Question about Edu-Science (10166) Telescope

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We have focused the telescope on an object - but it appears that the mirror is in the center of the view

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If your telescope is like the one in the picture it is a refractor telescope. It does not have mirrors-- the diagonal in the rear of the telescope has a mirror. Put the lowest magnification eyepiece in the telescope-- the one with the LARGEST number-- and try again. This may be easier to learn in the day time on a distant object.

Posted on Dec 28, 2008

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When using telescope for the first time (looking at venus) it would not focus, also the cross at the front of the tube was most prominent.


Do stars appear as small pinpoints in your scope? If not then it sounds like you have not adjusted the focus properly. I recommend you take your telescope outside in the daytime and point it toward a building or tree or hilltop that is somewhat distant from you. The exact distance is not important, but it should a block or more.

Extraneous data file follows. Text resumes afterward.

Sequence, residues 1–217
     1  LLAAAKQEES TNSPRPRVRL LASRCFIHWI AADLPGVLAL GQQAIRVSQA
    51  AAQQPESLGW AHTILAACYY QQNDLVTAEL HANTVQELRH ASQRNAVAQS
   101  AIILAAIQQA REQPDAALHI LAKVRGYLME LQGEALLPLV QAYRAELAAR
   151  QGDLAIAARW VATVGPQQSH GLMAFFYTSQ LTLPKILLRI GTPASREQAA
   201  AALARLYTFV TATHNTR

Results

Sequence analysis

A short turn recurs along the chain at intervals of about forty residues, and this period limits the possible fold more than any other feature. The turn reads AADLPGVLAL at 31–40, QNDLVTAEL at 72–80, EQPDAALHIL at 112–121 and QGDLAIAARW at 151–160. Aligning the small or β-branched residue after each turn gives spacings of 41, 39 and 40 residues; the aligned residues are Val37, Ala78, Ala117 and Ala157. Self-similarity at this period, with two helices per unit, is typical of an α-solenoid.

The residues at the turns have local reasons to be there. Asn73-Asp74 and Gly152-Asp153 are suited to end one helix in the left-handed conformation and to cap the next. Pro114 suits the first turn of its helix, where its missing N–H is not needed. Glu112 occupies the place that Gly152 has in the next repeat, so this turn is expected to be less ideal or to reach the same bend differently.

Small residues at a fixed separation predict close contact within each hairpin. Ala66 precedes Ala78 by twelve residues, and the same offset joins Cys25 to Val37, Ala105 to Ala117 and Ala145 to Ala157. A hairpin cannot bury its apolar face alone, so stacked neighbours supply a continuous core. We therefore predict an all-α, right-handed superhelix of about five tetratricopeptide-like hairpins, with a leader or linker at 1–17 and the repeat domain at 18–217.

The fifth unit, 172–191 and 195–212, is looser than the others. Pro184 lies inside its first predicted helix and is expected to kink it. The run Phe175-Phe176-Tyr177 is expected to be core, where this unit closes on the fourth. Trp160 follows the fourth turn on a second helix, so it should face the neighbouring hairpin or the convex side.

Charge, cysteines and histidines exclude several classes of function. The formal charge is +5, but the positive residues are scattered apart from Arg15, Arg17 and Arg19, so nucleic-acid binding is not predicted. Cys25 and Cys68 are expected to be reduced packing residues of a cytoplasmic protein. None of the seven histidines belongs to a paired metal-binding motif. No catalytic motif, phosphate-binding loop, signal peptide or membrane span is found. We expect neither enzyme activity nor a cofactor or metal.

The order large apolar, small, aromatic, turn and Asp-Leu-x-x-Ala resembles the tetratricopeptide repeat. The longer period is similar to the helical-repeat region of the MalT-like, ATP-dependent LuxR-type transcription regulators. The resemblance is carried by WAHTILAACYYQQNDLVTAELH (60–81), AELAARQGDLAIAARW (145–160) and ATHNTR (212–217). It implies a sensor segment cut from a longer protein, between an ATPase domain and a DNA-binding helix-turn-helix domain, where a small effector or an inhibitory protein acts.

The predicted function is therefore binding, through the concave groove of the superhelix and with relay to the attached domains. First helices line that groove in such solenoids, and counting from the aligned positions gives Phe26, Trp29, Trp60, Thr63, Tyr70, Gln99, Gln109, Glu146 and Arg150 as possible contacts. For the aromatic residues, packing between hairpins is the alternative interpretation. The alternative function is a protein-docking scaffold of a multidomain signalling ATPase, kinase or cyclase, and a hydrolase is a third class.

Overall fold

With the telescope pointed at the distant object, focus the telescope until the object is sharp and clear. The object might appear upside down -- that's normal for many astronomical telescopes. When you have achieved a sharp focus, leave the focus control alone until you are outside at night under the stars.

The focus should now be fairly close for viewing stars and planets. Small adjustments of the focus control may still be necessary for the sharpest view.

Venus is sometimes a difficult object. It is often fairly low in the sky where the atmosphere is most likely to blur the view. Find a bright star and focus it to a pinpoint, then swing your scope toward Venus.

- Jeff

Dec 27, 2016 | Celestron Optics

1 Answer

Why can I not see the difference from the sky and a star even when I allign my laser well?


It sounds like you have not adjusted the focus properly. I recommend you take your telescope outside in the daytime and point it toward a building or tree or hilltop that is somewhat distant from you. The exact distance is not important, but it should a block or more.